These were the ending verses in the previous post. But there was also a question to ponder: What is the motivation for Jonah to suggest being thrown into the sea? To be fair, the narrative is silent on the matter, we only know of the suggestion. It seems there are at least two plausible motivations:
- Jonah has had a change of heart. He has realized that his choices and actions are a wrecking ball in the lives of the captain and crew. In an altruistic moment, he takes responsibility and offers his life as the solution, as the means of salvation. He is willing to die as he recognizes his guilt before God.
- Jonah is not done running. If Tarshish is not far enough away, then maybe death is. He would rather die than obey God and be part of a potential rescue of the people of Nineveh from their sins.
The tempest rages, the crew prays, each to his own god, the cargo is being tossed overboard in an attempt to save the ship that is in danger of breaking up. Jonah is curled up in a corner below decks fast asleep.
6 The captain came to him and said, “What are you doing asleep? Rise up, call upon your God! Perhaps God will be mindful of us so that we may not perish.” (Jonah 1:6) Did the captain go looking for Jonah? I suspect not. I think he is below deck to see what other cargo can be tossed overboard when he stumbles upon Jonah asleep. Everyone else is working to save the ship, save themselves. The captain, exasperated shouts out “What are you doing asleep?” Seriously, dude, get your sorry self up and if you’re not going to lend a hand to help us, at least “call upon your God!” We’ve shot-gunned our prayers across a whole passel of gods seeing if we can appeal to the god behind this storm. “Perhaps God will be mindful of us so that we may not perish.” (Given that he is sea captain, there were no doubt some “salty” words mixed in the middle.) Continue reading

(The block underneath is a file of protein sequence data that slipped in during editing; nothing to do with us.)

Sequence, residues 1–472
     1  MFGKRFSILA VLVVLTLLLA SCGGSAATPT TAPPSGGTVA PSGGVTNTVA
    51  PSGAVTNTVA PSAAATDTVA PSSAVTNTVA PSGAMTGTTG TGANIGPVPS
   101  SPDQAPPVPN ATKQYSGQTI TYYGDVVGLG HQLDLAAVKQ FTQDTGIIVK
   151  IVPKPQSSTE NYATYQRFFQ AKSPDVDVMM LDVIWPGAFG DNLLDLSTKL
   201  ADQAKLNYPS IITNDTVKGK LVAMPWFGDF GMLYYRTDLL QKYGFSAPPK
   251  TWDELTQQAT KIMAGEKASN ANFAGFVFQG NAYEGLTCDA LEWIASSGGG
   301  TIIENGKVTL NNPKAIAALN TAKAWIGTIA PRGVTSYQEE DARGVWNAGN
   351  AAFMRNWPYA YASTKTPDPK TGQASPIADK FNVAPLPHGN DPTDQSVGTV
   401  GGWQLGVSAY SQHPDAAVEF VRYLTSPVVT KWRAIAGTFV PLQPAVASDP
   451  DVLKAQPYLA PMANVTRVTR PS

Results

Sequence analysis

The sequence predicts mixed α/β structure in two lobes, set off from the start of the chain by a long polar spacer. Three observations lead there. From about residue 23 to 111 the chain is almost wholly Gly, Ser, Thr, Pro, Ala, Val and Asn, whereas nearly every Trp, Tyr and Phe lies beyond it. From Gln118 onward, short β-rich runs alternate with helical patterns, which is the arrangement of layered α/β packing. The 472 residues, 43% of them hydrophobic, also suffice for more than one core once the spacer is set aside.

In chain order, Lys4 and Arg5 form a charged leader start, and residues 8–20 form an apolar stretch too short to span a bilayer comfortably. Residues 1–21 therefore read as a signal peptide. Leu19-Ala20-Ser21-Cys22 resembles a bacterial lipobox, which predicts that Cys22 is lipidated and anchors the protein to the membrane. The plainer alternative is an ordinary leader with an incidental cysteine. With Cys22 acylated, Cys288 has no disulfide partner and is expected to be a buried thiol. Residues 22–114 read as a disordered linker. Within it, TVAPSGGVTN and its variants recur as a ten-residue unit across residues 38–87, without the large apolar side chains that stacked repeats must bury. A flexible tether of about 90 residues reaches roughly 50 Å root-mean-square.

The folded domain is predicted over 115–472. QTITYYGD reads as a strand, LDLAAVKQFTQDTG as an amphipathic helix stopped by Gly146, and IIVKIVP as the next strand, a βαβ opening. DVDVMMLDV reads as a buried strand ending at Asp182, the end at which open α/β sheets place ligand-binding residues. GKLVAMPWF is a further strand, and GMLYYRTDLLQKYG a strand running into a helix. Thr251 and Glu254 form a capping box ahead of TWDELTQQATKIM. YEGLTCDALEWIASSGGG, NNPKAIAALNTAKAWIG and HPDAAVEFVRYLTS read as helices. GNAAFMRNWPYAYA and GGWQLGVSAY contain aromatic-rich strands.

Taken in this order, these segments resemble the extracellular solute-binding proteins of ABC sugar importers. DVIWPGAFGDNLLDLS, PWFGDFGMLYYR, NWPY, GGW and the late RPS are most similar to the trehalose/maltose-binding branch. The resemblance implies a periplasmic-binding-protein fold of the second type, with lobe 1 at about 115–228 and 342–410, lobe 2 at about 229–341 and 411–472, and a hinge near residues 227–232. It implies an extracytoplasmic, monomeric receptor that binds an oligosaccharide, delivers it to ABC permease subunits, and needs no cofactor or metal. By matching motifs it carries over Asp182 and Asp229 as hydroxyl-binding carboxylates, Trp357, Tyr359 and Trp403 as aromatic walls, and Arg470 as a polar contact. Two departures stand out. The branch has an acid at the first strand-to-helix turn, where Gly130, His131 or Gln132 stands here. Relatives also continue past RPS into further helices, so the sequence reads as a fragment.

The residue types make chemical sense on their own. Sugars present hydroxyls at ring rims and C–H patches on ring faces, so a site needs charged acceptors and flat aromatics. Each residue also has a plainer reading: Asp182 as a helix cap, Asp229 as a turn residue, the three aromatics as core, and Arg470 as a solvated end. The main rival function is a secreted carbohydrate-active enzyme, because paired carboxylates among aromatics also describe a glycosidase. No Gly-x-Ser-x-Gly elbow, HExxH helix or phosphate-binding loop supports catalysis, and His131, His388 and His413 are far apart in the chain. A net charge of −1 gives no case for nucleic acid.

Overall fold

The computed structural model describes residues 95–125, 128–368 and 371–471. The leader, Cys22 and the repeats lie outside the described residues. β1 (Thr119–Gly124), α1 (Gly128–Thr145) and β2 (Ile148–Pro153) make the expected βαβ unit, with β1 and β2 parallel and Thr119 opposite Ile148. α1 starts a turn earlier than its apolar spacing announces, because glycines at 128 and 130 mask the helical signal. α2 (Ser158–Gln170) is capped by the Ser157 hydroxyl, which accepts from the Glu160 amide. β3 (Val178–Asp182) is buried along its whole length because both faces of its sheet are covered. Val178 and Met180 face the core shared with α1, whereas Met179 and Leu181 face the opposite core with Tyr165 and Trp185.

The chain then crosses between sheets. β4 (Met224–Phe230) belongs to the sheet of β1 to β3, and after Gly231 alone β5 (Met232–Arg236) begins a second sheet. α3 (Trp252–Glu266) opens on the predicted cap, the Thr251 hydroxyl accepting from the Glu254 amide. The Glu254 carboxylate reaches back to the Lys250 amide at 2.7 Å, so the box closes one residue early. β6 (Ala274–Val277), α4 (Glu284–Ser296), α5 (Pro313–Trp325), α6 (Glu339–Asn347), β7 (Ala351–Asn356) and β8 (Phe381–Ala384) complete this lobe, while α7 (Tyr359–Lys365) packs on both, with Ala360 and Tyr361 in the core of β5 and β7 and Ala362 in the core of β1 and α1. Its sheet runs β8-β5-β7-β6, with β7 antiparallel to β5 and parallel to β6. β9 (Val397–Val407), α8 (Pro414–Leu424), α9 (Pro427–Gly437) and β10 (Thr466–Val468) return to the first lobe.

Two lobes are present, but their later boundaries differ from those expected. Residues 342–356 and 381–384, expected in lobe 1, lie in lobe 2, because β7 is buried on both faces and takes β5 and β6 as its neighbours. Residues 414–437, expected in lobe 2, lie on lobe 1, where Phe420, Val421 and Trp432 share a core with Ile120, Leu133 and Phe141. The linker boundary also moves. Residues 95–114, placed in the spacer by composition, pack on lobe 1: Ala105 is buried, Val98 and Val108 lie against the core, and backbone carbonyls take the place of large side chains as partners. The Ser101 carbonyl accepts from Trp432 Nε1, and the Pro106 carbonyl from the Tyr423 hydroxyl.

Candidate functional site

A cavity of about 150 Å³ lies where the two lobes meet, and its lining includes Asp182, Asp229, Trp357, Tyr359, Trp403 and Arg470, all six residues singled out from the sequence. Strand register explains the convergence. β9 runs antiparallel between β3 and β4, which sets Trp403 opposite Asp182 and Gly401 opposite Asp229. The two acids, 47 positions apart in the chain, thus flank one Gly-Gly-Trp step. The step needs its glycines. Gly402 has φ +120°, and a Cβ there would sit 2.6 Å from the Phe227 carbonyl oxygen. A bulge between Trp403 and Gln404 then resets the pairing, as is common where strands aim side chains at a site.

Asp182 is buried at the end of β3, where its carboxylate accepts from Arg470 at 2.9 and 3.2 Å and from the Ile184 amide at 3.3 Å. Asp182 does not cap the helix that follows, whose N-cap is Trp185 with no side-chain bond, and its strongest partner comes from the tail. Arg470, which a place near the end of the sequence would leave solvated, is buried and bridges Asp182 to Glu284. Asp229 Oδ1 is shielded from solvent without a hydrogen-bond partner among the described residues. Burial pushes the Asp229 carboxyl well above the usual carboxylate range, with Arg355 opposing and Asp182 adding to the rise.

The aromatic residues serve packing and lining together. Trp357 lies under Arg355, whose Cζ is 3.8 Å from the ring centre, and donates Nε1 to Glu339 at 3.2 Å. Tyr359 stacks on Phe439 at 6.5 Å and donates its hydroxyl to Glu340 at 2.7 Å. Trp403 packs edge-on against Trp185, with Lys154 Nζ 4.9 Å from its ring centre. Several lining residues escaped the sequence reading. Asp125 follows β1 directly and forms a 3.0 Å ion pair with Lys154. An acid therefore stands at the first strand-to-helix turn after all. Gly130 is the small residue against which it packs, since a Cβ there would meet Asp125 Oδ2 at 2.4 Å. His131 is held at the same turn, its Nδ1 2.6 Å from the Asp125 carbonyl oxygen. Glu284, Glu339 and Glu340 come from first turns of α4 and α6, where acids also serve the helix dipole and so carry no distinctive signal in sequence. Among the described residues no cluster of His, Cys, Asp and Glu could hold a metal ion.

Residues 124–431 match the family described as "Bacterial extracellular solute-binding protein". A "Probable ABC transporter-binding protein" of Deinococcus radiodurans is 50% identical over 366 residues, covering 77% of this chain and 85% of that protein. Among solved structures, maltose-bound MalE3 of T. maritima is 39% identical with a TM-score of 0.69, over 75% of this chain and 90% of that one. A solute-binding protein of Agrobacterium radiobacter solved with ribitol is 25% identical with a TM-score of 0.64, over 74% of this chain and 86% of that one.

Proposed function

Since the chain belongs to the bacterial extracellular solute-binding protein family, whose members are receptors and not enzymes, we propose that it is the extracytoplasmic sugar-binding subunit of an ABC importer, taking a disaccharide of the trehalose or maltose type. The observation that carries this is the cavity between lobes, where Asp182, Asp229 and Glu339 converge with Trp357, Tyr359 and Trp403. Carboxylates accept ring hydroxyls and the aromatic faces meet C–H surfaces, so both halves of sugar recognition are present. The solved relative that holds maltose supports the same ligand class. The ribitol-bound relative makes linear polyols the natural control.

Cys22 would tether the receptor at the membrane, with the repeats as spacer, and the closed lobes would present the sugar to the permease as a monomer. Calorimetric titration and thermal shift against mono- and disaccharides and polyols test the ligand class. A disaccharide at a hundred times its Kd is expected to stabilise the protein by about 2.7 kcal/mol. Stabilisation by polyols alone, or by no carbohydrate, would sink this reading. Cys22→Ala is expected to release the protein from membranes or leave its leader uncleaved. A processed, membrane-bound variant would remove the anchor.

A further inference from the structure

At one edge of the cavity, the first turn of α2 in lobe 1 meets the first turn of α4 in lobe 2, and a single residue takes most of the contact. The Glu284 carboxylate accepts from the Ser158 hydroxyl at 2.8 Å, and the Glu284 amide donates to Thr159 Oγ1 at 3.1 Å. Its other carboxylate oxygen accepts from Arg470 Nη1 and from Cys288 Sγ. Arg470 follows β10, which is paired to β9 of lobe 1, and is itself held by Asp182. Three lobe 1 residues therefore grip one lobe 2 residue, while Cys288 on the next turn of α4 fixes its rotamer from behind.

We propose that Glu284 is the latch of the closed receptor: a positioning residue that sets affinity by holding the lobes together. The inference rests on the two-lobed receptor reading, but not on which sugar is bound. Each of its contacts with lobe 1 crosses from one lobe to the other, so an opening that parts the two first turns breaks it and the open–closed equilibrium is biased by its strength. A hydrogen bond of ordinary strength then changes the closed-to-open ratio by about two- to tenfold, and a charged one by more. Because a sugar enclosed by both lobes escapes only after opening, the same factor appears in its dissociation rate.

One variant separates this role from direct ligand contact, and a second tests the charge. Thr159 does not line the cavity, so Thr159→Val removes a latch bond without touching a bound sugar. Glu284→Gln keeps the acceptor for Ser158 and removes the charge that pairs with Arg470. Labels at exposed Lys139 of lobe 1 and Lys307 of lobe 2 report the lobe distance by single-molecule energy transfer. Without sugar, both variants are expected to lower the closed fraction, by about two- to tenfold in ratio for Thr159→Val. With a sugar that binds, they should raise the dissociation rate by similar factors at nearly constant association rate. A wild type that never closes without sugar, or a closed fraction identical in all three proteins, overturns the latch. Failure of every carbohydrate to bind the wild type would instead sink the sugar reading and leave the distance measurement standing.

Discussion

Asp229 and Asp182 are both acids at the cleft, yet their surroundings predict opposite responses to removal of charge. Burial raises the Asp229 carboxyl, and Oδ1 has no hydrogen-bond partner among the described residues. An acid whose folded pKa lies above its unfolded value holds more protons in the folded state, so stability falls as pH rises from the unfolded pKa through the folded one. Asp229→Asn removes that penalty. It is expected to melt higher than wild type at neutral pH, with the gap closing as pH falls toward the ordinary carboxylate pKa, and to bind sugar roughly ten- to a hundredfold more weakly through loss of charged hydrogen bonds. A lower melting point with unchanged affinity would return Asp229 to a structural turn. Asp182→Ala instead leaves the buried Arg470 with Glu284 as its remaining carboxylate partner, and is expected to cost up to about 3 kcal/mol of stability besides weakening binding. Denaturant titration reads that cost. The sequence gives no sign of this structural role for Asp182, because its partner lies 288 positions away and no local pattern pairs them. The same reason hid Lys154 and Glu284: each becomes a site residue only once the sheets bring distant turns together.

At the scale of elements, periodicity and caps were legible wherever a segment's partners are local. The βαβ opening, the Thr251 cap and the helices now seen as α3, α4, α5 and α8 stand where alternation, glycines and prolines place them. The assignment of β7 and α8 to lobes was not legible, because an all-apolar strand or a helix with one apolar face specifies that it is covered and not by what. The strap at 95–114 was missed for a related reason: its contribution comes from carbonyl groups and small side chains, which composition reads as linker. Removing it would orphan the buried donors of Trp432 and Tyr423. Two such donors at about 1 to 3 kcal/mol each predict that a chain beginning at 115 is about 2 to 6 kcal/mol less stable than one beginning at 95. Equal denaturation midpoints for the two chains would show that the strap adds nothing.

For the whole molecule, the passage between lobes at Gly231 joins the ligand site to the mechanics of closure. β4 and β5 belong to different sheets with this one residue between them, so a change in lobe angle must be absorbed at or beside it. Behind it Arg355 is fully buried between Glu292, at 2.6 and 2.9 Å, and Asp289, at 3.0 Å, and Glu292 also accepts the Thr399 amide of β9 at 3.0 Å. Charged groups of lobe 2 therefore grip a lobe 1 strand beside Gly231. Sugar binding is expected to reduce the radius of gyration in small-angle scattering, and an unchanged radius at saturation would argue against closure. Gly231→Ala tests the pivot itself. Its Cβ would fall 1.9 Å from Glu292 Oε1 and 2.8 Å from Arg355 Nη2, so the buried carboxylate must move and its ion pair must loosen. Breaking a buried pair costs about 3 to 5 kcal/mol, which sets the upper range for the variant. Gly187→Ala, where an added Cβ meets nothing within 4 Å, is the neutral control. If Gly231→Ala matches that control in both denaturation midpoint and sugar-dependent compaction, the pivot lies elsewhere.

“But Jonah made ready to flee to Tarshish, away from the LORD. He went down to Joppa, found a ship going to Tarshish, paid the fare, and went down in it to go with them to Tarshish, away from the LORD.” (Jonah 1:3) So much for the son of faithfulness (Amittai).
Why run away? The wickedness of Nineveh. Would you want to go? Fear seems like a healthy reaction to avoid this mission. But there is more to it. For this we have to peek ahead to Chapter 4 (spoiler alert!). At the end of Chapter 3 the king and the entire city of Nineveh has heard Jonah preach against it and repented. “When God saw by their actions how they turned from their evil way, he repented of the evil he had threatened to do to them; he did not carry it out.” (Jonah 3:10)
This is the word of the LORD that came to Jonah, son of Amittai” (Jonah 1:1)
Such is the traditional opening of God reaching out to communicate the divine will to a prophet. The 1st century hearers would have been attuned to the opening and then jolted by the verse’s end: Jonah son of Amittai. Nationalistic feelings ran deep in their memory. This name brought to mind the prophet of the Northern Kingdom, which had seceded from Judah and Davidic rule after the reign of Solomon. Unlike the prophets Amos and Hosea, Jonah did not rage against the sins and misdeed to tribes to the north and their rebel kings. Rather he prophesized the expansion of the rebel kingdom’s frontiers under King Jeroboam II, the thirteenth king of the north (mid-8th century BCE): Continue reading
There are several historical references that one encounters while reading the Book of Jonah. Rather than include this detail in later posts when the references appear, I thought it good to provide some details early on. The setting of the book is a period of Israel’s history when there is a lot going on – inside and outside the traditional boundaries of the Promised Land. The Kingdom of David had split into the Northern Kingdom (confusingly called Israel and consisting of 10 tribes) and the Southern Kingdom (called Judah consisting of two tribes) still loyal to the throne of David and centered in Jerusalem. Beyond the borders was the ever-looming threat of the Assyrian Empire whose capita city was Nineveh. It was located in the area of modern-day Mosul in Northern Iraq. Compared to Israel, it is to the northeast at some distance.